and if so that was certainly not my intent.

Was, too. I know your type.

Mediocrity is not acceptable.

Well, I disagree. I've based my entire life on the principle that mediocrity is a worthy goal and a blissful state. And my life is awesome. If you, however, believe that it's unacceptable, you may want to have a chat with your elementary school English teachers and take a little refresher course in grammar and punctuation. Just sayin'.

If they try hard, and really mean it, then there is nothing more we can do.


Huh?

At that point I will be happy,

Yay!

and they will have something to be proud of; themselves.

What the hell is up with you and the semi-colon, buddy? If you love it so much, why don't you marry it?

Thank you


You're very welcome. But, for what?

coach keith


Yeah, I'm leaving your name in there. I'm guessing your low self esteem leads you type your name in lower case. Or maybe you just don't know any better. Either way, it's fine by me. I embrace mediocrity.

I realize some of you may be thinking I should take the bull by the horns and do something less passive aggressive about this letter and, I assure you, as a mediocre but basically decent parent, I've considered my options. I thought about talking to the coach, but I can't imagine that would go anywhere good. I considered forwarding the e-mail to the director of the YMCA soccer program, but I'm not sure what I would expect him to do about it. I briefly toyed with the idea of, as the team owner's sponsor's wife, having him fired. Or destroying him, à la Footballers' Wive$. In the end, I called my sister, who has a lot of personal experience with sports at different levels. She found the e-mail hilarious, by the way.

She reminded me that she once sat out for most of a basketball season after my mom (legitimately, but unwisely) complained about a coach. It's obvious from the e-mail that Coach Keith is not completely right in the head reasonable. Who knows how he would react to an intervention? I asked if she had ever had a bad coach when she was little (she was a t-baller) and how my parents handled it. Dad would talk to her before and after the game and explain what he didn't like about the coach's behavior. Mediocre as I am, I think I can summon up a decent sportsmanship chat or two. For the record, I think sportsman(or woman-)ship and competition go hand in hand. I think a good sport tries his best, because to do less is rude to the other team and the other people on his team. I want my kids to learn to be competitive without being bloodthirsty or feeling worthless if they lose.

In the end, I considered how the X-Man might be affected by Coach Keith. When the X-Man goes to bed at night, right before he goes upstairs, I tell him, "Teeth. Potty. Read. I love you!" That may sound cold, but if I elaborate, he gets confused. Inevitably, even with the simple version, after five minutes he calls down the stairs, "MOM! What comes after teeth?" So, I seriously doubt he has any recollection of some stupid speech his coach gave four days ago. He probably doesn't even remember the game. Or how to kick a ball. Sorry, Coach!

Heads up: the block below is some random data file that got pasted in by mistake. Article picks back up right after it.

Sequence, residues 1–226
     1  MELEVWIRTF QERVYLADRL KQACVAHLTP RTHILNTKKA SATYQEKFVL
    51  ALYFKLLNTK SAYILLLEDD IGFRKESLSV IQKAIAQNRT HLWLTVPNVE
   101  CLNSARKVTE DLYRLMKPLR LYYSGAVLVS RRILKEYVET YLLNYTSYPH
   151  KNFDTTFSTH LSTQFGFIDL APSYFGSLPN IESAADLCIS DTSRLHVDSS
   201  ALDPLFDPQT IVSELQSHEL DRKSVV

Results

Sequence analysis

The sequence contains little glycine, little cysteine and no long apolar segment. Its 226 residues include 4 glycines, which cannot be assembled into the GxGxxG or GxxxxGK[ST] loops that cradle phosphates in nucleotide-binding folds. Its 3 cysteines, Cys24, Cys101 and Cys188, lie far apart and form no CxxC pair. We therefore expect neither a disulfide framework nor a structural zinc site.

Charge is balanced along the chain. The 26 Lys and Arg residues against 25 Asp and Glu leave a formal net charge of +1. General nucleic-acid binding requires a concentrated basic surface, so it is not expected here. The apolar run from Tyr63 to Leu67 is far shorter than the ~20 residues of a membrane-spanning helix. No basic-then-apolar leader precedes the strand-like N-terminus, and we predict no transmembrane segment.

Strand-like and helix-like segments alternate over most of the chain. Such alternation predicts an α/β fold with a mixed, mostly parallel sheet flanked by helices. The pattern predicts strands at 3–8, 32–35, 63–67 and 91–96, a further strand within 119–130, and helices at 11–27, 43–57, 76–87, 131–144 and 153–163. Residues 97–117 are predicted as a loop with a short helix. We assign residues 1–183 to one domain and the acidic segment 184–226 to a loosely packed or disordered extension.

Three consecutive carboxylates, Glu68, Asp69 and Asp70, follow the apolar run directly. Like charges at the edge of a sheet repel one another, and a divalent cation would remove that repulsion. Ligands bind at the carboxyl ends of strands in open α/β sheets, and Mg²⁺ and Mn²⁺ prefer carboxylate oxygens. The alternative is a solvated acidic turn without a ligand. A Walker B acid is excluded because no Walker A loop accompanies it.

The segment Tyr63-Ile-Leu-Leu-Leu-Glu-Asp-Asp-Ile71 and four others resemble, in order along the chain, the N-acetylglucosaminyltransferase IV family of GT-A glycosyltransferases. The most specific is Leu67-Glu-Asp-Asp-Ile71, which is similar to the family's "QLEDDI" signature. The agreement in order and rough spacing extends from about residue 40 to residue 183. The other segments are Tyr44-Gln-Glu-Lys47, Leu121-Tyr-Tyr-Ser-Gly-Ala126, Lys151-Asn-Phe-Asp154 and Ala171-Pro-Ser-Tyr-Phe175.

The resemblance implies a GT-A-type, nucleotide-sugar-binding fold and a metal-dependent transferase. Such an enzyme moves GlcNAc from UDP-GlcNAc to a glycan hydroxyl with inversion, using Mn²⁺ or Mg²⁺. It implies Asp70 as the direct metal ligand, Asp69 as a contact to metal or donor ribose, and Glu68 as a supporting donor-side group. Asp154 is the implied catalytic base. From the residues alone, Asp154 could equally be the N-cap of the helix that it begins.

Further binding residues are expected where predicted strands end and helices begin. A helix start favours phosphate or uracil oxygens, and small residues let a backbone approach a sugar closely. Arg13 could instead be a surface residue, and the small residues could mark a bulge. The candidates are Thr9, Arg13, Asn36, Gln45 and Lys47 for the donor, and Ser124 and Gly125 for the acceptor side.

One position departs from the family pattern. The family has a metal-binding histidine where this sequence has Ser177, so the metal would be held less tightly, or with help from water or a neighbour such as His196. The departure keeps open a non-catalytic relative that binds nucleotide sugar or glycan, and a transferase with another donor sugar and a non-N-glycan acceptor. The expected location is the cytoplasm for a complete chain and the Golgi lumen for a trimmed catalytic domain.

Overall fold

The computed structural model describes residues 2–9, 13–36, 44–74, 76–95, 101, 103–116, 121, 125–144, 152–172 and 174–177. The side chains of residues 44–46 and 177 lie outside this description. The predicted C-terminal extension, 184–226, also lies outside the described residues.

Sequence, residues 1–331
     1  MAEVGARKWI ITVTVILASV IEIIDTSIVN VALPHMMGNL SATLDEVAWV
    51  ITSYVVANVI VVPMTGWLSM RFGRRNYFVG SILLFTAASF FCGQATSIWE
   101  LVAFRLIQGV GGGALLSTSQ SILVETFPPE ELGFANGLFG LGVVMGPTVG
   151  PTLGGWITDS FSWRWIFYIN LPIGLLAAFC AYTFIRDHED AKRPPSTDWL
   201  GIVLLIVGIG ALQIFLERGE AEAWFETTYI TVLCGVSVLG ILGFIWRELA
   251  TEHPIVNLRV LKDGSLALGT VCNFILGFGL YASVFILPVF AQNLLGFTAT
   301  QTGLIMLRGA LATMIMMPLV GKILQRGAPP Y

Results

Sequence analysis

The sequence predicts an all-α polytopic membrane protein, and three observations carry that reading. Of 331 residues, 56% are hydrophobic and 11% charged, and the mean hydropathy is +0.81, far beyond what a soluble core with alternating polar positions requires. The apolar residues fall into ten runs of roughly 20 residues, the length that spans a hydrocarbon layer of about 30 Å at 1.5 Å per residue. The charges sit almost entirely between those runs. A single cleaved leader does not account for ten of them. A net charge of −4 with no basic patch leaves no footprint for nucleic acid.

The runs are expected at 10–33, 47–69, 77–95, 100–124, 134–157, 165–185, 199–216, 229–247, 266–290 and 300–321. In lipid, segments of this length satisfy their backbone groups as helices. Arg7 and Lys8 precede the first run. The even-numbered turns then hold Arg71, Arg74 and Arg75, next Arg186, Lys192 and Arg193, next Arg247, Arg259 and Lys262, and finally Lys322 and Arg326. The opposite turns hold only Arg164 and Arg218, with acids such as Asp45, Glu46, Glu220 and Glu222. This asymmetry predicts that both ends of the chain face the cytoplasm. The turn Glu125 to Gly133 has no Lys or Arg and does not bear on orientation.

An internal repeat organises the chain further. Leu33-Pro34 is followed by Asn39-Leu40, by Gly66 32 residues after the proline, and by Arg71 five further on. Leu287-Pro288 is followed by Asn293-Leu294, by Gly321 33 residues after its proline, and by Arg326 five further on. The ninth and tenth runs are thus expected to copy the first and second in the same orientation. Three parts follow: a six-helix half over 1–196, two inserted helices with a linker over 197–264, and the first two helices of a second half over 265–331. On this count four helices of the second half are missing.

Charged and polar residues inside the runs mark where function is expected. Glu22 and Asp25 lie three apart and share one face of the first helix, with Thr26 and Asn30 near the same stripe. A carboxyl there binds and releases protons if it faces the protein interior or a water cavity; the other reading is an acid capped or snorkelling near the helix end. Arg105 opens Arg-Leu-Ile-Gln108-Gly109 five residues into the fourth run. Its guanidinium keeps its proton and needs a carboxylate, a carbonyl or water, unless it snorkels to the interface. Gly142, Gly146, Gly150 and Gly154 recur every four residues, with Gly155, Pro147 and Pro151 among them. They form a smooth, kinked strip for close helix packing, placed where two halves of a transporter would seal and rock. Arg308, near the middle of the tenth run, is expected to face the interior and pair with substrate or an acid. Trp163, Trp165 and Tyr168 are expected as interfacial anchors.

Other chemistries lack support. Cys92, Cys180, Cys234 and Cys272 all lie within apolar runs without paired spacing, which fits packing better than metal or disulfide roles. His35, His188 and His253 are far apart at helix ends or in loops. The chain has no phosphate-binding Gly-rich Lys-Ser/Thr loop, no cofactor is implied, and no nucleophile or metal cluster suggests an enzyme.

Namasté, y'all!

*But, sadly, very little awareness of when to use a semi-colon and when to use a comma.

11 comments:

virginia postic said...

I love my sister in law! VA

EK said...

I love my sister! But not so much that coach.

kristin said...

What an idiot.

I've been coaching 6th/7th grade volleyball this year, and even at this level (which is what, 7 years older than X?) I am having them focus on skill development to the exclusion of winning. Who cares if they win? They lose all the time. They lose to teams who they could technically beat, because I want them to focus on learning how to play the game properly. I want them to be better players, and have fun, and learn the game. No semi-colons necessary.

Choose the higher path. This guy will be a blip on the journey to a love of sports for X.

(I'm a Yaaps poster - k. You might not know me, but as a coach, I wanted to read your experience.)

Jody said...

That guy is nuts! What's he doing coaching little kids?

nfwbls said...

Hehe, I'm looking forward to reading this letter to the DH so that we can indulge in the mutual eye-rolling that is the glue of our relationship.

Meagan Francis said...

OMG! This e-mail is so sad...but your treatment of it was absolutely hilarious.

Margie said...

Oh for heaven's sake! I was already appreciating Cassie's current soccer coach (who, after their 4 - 0 loss during the first game, sent each family an email about what a great job their kid did during the game) but this makes me want to, you know, kiss his feet or something. And she's a whole 3 years older...my gosh, we've probably missed our window to teach her how to be miserable if she loses. ~sigh!

Alexandra F. said...

You're sure you don't want to forward this to Coach keith?
I would enjoy seeing his face reading this commentary. Loved it!
alexandra

Sparklypooh said...

Don't forget the proper usage of question marks???

Lisa said...

Maybe instead of emailing the blog link to Coach Keith you should email him the link to this grammer site on proper semi-colon usage: http://chuma.cas.usf.edu/~olson/pms/semicolon.html

I also found out semicolon.com has shareware for my Mac; Now I can play solitaire. Thanks!

Caroline said...

I love your commentary so much I want to marry it - you had me laughing aloud! This guy is truly a piece of work.